Classifieds Advertise Archive Subscriptions Family Announcements Photos Digital Editions/Apps
Connect with us

Inside Track

Coen and Keary hold key to Loughrea title hopes

Published

on

Inside Track with John McIntyre

We have been here before. Four times previously, in fact, since 2002. So there is no shortage of history – or bad blood for that matter – between the clubs.

Portumna and Loughrea last met in local hurling’s showpiece event in 2009 and the general assumption over the following seasons was that a fifth big day collision involving the teams was hardly imminent.

Having contested seven consecutive finals and winning five of them, Portumna were the undoubted heavyweights of club hurling – a fact also underlined by three All-Ireland triumphs – during this time and though the breaks haven’t always been on their side since their last Galway success in 2009, there was also an increasing school of thought that the glory days might be behind them.

Four years ago, they trounced their old foes by 19 points in that county final and we all rushed to the conclusion that Loughrea were finished, but they have never lacked resilience and Sunday will be their third Galway decider to contest since then. It will be their seventh in total over the past 11 years and the club’s latest chance to improve on an appalling big day record at Pearse Stadium where they have lost five of their six previous final appearances.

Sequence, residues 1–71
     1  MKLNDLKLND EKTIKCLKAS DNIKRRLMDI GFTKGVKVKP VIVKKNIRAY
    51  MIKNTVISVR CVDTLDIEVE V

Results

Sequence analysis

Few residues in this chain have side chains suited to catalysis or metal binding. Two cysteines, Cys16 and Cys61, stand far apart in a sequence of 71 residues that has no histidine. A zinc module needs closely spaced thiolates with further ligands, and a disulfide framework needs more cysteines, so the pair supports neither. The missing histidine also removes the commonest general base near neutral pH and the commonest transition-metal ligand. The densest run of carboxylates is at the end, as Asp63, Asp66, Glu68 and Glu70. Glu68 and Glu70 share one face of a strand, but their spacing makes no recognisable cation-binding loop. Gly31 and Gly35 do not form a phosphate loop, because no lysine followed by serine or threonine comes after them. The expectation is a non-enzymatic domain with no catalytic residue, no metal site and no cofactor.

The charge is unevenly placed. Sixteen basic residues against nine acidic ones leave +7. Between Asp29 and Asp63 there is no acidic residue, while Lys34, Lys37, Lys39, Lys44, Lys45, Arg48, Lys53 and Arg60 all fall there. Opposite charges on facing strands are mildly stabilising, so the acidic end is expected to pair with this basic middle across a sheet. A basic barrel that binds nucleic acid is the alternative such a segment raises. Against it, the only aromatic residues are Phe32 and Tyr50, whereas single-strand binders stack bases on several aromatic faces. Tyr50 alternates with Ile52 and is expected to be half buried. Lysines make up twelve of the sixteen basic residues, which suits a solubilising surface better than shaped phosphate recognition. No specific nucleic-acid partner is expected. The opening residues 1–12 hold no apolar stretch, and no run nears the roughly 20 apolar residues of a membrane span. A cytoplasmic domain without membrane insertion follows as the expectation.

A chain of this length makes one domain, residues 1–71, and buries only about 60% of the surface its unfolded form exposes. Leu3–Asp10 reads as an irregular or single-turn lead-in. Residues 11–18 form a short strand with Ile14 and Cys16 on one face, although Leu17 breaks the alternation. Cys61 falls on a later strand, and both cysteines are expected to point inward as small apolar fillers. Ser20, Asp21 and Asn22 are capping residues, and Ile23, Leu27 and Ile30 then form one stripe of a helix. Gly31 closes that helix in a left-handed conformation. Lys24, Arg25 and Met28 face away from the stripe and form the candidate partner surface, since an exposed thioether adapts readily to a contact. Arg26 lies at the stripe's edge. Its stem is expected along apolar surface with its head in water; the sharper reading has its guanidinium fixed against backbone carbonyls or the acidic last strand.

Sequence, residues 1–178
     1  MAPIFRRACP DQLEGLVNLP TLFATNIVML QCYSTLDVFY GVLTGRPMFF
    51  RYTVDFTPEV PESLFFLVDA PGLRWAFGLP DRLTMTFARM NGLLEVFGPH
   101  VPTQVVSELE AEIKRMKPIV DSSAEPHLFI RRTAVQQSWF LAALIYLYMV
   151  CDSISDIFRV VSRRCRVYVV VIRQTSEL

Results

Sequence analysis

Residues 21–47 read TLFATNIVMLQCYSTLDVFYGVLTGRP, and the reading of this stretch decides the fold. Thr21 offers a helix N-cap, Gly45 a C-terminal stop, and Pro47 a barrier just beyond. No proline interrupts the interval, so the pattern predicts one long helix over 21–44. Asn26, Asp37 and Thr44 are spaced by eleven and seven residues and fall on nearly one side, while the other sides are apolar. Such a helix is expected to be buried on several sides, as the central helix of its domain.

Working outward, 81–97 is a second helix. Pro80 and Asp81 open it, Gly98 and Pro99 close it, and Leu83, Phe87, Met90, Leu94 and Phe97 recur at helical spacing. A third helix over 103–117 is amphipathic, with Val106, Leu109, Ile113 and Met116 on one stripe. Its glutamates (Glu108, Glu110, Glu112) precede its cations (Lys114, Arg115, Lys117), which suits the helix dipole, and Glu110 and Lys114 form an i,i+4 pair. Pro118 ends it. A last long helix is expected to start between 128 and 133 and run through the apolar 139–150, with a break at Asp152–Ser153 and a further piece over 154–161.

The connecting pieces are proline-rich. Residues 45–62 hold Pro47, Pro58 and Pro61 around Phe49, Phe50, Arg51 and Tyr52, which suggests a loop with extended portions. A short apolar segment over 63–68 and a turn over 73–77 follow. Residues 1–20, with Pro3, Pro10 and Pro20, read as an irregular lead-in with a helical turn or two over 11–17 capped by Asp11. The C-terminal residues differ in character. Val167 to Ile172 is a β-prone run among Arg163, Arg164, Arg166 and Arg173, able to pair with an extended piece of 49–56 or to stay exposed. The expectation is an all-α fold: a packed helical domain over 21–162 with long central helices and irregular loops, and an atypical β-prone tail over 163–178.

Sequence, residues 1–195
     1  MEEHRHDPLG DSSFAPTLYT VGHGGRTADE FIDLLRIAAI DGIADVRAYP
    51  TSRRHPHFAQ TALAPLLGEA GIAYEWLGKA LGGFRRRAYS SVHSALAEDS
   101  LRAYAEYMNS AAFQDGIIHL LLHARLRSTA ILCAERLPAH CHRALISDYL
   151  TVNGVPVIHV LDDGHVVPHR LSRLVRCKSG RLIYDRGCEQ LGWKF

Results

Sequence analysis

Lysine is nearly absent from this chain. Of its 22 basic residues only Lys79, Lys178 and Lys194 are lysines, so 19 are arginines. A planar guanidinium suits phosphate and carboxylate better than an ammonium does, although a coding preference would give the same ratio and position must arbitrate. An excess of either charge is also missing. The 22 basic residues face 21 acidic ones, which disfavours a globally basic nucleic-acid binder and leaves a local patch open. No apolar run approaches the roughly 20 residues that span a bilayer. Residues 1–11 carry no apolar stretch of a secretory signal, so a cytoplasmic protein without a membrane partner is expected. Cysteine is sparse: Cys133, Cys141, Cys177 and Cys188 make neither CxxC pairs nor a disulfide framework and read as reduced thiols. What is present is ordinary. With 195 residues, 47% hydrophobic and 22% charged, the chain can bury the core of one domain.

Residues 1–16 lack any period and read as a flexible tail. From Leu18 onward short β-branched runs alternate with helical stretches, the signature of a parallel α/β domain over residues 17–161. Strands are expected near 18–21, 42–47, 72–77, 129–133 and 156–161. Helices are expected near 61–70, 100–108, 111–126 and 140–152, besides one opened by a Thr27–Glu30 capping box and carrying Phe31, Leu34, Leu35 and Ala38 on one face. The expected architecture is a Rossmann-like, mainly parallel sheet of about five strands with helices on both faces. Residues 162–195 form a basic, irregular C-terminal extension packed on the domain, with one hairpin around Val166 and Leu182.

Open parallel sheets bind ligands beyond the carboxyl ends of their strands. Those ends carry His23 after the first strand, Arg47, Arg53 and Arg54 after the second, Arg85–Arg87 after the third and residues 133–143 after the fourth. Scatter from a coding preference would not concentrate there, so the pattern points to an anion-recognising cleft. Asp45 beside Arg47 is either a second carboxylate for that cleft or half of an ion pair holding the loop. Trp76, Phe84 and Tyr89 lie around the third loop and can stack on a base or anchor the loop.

That desperate record would test the resolve of even the most battle-hardened group of players, but Loughrea have never raised the white flag or subjected themselves to long periods of self-pity. Each new campaign brought fresh impetus and hope, but when they fell to St. Thomas’ in the county final 12 months ago, the morale of their longer serving soldiers probably hit an all-time low. Portumna were no longer the tormentors, but they had now been passed out by a new group of young, talented stickmen from St. Thomas’.

It was no wonder that their preparations for 2013 were slow to kick into gear; Enda McDonnell became a reluctant manager; and there was precious little evidence in an unremarkable but significantly unbeaten group campaign to suggest that Loughrea were much worse or better than in recent seasons. Consistency has been their forte, but those extra touches of class which separate the challengers from the champions appeared to be still beyond them.

Yet, I remember thinking during the opening 20 minutes of their group tie with Castlegar (I was involved with the city club this year), that there appeared to be an extra dimension to them in the current championship . . . more pace, more movement, especially in a youthful half forward line. Subsequently, they almost ran aground against Pearses in the quarter-finals, but the Ballymacward men can be notoriously obdurate opponents and, perhaps, Loughrea were also led astray by reports of Pearses’ poor form in challenge matches.